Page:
For those of you who may live in modular or manufactured (mobile) homes, or are in the market for one, you can now get them all with universal/visitable design features such as level entries, wider hallways, lever handles, larger doorways, varying height kitchen counters, curbless showers, knee spaces at vanities, anti-scald controls, handheld showers, grab bars and blocking for them, extra space to maneuver in kitchens and baths, task lighting for various task including cooking, and easy to reach thermostats.
It doesn’t look as if they offer knee space for a wheelchair in the kitchen, 48″ electric outlets and light switches, adjustable height cooktops and sinks, pull-down upper shelves, etc., all of which are important for accessible design for someone in a wheelchair, or particularly short, but perhaps they can be added, or are on the drawing board for the future. This is certainly an excellent start, though, and some of these elements could probably be retrofitted after purchase, if need be.
And yes, the cute little cottage above is actually a mobile home, believe it or not – a double-wide. The kitchen below is also in one, although it clearly doesn’t show all of the universal design features. Click on the images to go to their photo gallery if you want to see more examples, or images of their modular homes.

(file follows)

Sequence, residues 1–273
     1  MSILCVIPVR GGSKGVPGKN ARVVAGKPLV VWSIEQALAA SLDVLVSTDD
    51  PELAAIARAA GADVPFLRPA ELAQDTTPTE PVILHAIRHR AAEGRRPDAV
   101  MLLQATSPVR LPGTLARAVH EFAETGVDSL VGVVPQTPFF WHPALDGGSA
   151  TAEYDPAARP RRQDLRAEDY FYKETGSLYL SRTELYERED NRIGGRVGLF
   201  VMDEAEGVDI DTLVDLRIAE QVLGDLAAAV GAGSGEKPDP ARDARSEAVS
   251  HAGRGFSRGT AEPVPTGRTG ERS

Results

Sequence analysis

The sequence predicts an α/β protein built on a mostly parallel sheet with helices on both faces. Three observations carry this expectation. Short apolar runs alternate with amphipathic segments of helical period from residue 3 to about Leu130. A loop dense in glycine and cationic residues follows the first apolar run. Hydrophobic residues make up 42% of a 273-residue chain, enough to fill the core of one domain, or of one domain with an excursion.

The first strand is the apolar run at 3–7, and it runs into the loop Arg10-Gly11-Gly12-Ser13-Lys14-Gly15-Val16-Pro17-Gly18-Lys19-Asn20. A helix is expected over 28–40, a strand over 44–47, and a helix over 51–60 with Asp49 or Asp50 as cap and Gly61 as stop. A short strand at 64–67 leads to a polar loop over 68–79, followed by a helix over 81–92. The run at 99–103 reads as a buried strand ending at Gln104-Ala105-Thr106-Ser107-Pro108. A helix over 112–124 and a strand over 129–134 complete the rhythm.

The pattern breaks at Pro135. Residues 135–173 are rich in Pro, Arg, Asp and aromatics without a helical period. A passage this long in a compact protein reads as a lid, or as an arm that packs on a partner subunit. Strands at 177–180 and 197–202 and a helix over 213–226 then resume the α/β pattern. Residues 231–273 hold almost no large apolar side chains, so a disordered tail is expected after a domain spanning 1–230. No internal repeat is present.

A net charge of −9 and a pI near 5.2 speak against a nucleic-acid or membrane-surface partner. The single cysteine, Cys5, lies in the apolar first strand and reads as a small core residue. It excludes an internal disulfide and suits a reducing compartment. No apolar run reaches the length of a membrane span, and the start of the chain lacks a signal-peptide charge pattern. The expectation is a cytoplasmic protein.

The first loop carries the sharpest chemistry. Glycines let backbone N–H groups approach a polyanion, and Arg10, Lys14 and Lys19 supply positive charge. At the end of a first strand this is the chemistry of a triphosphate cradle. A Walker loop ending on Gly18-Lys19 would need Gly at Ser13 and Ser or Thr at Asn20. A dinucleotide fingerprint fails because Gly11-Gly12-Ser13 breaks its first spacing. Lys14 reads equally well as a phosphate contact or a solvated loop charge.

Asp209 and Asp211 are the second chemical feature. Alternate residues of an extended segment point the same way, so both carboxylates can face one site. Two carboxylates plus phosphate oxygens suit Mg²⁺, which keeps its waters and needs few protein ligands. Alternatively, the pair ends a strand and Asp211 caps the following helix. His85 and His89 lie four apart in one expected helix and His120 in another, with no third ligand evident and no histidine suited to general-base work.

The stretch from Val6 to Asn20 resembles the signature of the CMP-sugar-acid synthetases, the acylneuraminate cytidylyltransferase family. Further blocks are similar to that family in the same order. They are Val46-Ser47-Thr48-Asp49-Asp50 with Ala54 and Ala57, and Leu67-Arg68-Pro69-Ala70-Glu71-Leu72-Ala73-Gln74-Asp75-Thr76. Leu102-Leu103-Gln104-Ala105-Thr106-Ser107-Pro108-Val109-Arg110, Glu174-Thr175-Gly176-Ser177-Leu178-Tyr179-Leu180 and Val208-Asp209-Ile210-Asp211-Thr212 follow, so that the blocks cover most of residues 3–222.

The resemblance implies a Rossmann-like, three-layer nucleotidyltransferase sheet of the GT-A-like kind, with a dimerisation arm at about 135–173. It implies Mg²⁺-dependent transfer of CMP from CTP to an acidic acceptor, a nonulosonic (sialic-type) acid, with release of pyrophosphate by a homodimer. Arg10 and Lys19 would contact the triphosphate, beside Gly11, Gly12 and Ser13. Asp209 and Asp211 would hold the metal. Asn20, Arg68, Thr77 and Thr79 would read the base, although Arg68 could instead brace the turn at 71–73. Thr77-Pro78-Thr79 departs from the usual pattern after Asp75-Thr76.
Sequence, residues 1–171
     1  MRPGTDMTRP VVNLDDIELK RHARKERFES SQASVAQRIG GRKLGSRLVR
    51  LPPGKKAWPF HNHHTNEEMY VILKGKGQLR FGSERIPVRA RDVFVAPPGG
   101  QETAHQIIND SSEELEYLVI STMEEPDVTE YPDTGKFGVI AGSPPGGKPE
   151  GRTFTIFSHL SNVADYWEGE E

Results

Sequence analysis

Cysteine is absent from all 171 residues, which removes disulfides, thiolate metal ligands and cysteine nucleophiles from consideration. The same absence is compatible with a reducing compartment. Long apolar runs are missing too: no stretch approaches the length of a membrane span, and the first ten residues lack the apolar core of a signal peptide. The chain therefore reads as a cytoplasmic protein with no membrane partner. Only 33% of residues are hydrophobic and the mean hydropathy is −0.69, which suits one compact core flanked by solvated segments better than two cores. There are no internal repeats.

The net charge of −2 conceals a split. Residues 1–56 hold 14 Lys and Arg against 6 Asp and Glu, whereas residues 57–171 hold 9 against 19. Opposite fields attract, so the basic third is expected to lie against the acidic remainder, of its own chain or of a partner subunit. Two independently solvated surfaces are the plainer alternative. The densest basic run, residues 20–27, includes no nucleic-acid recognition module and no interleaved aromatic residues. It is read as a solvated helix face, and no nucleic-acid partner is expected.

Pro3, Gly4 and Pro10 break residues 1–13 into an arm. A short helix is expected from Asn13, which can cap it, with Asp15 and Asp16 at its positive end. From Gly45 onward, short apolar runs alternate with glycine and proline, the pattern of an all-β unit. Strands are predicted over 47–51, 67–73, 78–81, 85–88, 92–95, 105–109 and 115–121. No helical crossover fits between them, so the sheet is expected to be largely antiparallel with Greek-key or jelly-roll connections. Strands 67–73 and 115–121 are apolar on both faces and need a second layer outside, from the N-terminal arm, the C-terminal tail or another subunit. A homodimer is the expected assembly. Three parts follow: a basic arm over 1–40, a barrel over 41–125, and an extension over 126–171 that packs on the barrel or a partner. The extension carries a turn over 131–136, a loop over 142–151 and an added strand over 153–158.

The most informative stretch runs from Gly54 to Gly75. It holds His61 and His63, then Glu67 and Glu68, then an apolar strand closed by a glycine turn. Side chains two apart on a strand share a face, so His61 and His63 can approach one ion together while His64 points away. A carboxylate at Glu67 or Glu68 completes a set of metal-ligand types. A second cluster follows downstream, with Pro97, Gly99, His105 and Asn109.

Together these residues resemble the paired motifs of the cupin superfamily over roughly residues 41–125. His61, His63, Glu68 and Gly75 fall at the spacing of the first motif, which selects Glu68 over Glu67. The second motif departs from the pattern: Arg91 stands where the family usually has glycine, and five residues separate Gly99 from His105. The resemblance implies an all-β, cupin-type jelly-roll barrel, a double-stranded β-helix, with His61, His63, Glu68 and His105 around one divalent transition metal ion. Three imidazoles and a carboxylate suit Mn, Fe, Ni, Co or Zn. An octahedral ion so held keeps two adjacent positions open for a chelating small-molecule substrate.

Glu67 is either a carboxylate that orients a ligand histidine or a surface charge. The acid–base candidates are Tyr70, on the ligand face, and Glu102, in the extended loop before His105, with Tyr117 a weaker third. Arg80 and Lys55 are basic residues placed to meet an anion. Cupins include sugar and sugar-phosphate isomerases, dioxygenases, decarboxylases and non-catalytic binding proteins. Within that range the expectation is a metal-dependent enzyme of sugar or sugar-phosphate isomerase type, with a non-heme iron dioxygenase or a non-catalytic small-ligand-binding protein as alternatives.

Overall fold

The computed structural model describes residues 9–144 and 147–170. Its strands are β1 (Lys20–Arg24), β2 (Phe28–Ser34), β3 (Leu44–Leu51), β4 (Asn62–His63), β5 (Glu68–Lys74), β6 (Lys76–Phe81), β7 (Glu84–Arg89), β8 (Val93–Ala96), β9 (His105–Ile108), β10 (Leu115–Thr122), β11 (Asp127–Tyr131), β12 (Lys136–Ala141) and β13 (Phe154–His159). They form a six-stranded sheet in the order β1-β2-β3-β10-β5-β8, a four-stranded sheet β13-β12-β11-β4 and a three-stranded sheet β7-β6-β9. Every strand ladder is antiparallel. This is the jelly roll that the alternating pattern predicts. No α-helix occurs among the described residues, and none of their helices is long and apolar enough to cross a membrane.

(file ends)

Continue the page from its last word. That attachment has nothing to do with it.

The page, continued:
Some manufacturers also offer high end finishes such as granite and marble, so you don’t necessarily have to sacrifice luxury just because you buy a home at this price point. I was in some mobile homes in my paramedic days that were nicer than many regular homes I’ve seen. Some also offer triple-wide homes, although I have no idea what universal design elements might be available.
Note: This is not an endorsement for this manufacturer, as I know nothing else about them. I’m just very interested that universal design features are now available for this kind of housing, and it’s likely that other manufacturers will follow suit, if they haven’t already.
I also don’t know if they offer formaldehyde-free homes, or if any manufacturer does. Formaldehyde at least used to be a major component in manufactured homes, so this very ungreen element could be an issue for a lot of people, both for those who are chemically sensitive, as well as those for whom green construction is a priority. Whether or not it would offset the advantages of the more universal design, if this chemical is still prevalent, would have to be an individual decision, although I certainly hope that these manufacturers are moving in this direction, as it’s the environmentally responsible thing to do.